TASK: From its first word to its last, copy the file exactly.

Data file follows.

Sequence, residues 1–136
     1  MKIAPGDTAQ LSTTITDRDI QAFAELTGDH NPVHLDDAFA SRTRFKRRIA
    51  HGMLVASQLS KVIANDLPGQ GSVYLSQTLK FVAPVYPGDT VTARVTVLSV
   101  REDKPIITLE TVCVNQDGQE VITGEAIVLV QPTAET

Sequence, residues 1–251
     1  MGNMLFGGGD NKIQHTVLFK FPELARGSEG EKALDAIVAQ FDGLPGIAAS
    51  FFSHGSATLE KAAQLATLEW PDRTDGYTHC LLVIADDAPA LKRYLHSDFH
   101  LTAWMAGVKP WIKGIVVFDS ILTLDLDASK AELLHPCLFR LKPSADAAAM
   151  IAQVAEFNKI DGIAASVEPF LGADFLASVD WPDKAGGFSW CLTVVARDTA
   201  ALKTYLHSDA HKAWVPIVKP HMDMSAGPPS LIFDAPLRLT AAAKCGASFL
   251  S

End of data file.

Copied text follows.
Sequence, residues 1–136
     1  MKIAPGDTAQ LSTTITDRDI QAFAELTGDH NPVHLDDAFA SRTRFKRRIA
    51  HGMLVASQLS KVIANDLPGQ GSVYLSQTLK FVAPVYPGDT VTARVTVLSV
   101  REDKPIITLE TVCVNQDGQE VITGEAIVLV QPTAET

Sequence, residues 1–251
     1  MGNMLFGGGD NKIQHTVLFK FPELARGSEG EKALDAIVAQ FDGLPGIAAS
    51  FFSHGSATLE KAAQLATLEW PDRTDGYTHC LLVIADDAPA LKRYLHSDFH
   101  LTAWMAGVKP WIKGIVVFDS ILTLDLDASK AELLHPCLFR LKPSADAAAM
   151  IAQVAEFNKI DGIAASVEPF LGADFLASVD WPDKAGGFSW CLTVVARDTA
   201  ALKTYLHSDA HKAWVPIVKP HMDMSAGPPS LIFDAPLRLT AAAKCGASFL
   251  S